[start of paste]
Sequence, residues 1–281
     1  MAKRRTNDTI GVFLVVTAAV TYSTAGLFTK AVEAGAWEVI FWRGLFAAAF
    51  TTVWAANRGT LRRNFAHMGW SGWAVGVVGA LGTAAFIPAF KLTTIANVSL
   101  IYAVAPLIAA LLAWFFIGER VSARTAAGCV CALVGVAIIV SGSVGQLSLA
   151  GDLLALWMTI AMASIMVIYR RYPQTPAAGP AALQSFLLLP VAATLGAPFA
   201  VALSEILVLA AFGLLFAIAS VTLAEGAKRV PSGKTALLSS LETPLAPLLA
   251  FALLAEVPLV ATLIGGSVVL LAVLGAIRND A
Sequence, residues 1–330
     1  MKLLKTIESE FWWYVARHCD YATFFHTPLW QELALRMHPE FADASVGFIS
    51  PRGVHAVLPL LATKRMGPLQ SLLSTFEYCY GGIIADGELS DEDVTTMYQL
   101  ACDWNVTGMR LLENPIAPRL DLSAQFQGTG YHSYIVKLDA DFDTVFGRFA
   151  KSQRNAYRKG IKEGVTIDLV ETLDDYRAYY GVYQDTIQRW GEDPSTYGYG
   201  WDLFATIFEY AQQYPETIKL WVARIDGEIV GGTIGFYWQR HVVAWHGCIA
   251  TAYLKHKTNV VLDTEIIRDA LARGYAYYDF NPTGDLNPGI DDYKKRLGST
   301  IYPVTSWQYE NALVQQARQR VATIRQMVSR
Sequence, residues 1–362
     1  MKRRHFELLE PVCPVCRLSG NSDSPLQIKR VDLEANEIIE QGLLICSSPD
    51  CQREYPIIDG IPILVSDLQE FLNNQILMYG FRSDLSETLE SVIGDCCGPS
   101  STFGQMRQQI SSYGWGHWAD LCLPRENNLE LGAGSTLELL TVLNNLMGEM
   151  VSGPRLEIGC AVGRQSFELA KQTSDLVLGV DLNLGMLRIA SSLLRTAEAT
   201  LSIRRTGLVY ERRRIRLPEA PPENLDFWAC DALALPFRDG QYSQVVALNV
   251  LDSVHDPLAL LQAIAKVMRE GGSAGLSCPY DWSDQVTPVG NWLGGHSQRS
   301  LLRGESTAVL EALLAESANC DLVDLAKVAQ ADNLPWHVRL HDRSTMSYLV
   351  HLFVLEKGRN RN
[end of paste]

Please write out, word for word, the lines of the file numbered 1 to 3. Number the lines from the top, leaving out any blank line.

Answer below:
Sequence, residues 1–281
     1  MAKRRTNDTI GVFLVVTAAV TYSTAGLFTK AVEAGAWEVI FWRGLFAAAF
    51  TTVWAANRGT LRRNFAHMGW SGWAVGVVGA LGTAAFIPAF KLTTIANVSL